All of these anecdotes are dangerous as real evidence, but having said that, here’s mine, which is worth no more or less than any of the others. A month ago I rented a car at the Portland airport for 5 days and total costs of $181.75, including the gas that I put in (or more accurately, it being Oregon, an attendant put in). The car was an 08 Ford Escape with 8000 miles on it and pretty well equipped. Two factors may have been at least partially responsible for what I thought was a reasonable price. First, I’m a member of National’s Emerald Club which gets you a slightly better rate (though the club is hardly exclusive–membership comes with many credit cards for instance), and second, I made the reservation a couple of months in advance.

  • avatar
    threeer

    I’ve also noticed the sharp increase in rental prices. I rented a new Malibu back in the early part of June (rented from Huntsville, AL) for three days…total was something like $80. Then I rented the same class (turned out to be a turd of a Mitsubishi Galant) in Colorado Springs for three days…total cost was $180! I’m thinking Colorado Springs knew they had a captive/needy customer base given that I came in the weekend for the induction of the class of 2013 into the Air Force Academy, and they could charge whatever they wanted. But still…I had to really stop and think if I wanted to rent a car for that much…for $180 I would have expected something much, much nicer than a 4-pot Galant!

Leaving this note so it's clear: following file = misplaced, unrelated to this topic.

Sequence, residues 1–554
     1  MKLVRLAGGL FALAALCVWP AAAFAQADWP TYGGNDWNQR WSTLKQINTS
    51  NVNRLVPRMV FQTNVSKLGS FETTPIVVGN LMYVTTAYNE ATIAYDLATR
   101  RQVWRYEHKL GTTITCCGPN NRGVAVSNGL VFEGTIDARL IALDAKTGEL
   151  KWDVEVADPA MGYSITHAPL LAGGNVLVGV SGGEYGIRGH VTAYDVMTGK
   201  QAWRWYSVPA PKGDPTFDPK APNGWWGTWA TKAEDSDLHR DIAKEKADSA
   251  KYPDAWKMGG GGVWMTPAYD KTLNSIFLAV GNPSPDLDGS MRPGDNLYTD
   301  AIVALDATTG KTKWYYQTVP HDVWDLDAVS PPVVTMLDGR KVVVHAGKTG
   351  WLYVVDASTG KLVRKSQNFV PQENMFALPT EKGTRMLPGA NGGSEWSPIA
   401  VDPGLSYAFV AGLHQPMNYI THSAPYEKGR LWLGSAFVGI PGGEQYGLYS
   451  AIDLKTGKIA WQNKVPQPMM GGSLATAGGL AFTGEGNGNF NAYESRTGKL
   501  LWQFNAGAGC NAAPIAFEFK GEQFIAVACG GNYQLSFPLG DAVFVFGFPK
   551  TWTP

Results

• avatar

    Airport rates are always a bit sketchy. Flying into DCA I usually take the metro to a suburban shop and rent a 328i for less than an airport Cobalt.

  • avatar
    goofyfoot

    Here in the Garden State we are lucky we get to support the government above & beyond the 7% sales tax with a $5/day “domestic security” fee. After 1 day I decided I’d rather be riding my bicycle until my car is fixed than be paying that.

  • avatar
    JMII

    The wife and I were about to go on a trip to upstate NY then we found out our rental car was going to cost MORE then the plane tickets (from FL) + hotel (4 nights) combined. Trip canceled.

  • avatar
    JonnyZX

    Rates are up because demand is down…? What world do these rental agencies live in, one where the basic laws of supply and demand don’t exist? It’s as if they’re run by the government….which I’m sure isn’t far off now.

  • avatar
    ohsnapback

    The rental car companies are in survival mode, like so many others.

    But I doubt adopting freaking price hikes like this is going to drum up much business as it’s likely not going to entice Americans to ‘get out there!’ this summer.

    It may just backfire and put some of them into BK, as they’re very close already.

  • avatar
    dastanley

    Car Max has a crap load of vehicles nationwide for sale that are prior rentals. I don’t know if that was always the case or because of this trend with the car rental companies.

  • avatar
    RedStapler

    For many years the D2.8 heavily subsidized rental fleets with slow selling models.

    Given that they had to pay the UAW members regardless if they were making cars or sitting in the jobs bank selling fleet queens at a loss was the lesser of two evils.